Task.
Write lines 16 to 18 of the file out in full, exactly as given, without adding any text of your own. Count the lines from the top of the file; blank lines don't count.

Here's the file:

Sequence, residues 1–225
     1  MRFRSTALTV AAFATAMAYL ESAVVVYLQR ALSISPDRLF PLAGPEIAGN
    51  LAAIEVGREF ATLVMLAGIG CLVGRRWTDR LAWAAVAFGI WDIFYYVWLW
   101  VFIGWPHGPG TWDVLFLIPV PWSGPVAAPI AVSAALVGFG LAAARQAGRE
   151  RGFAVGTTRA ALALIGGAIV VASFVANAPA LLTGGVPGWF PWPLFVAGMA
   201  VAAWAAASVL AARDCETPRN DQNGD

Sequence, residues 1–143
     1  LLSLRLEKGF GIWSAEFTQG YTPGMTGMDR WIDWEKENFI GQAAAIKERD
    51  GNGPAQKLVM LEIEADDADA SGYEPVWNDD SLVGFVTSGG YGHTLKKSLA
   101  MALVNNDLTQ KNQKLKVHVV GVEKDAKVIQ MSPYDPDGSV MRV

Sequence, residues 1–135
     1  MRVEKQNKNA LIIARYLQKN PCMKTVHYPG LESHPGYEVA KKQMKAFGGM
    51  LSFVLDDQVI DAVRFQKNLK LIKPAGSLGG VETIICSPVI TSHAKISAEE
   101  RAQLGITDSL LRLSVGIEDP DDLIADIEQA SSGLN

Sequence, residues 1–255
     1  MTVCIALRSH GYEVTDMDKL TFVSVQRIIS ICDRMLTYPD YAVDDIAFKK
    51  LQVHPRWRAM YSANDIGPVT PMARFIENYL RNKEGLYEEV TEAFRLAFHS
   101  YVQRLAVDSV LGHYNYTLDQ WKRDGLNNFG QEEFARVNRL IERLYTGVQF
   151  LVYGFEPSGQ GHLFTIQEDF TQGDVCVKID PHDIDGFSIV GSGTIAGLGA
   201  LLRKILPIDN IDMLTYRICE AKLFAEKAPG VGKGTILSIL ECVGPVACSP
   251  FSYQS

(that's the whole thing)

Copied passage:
     1  MTVCIALRSH GYEVTDMDKL TFVSVQRIIS ICDRMLTYPD YAVDDIAFKK
    51  LQVHPRWRAM YSANDIGPVT PMARFIENYL RNKEGLYEEV TEAFRLAFHS
   101  YVQRLAVDSV LGHYNYTLDQ WKRDGLNNFG QEEFARVNRL IERLYTGVQF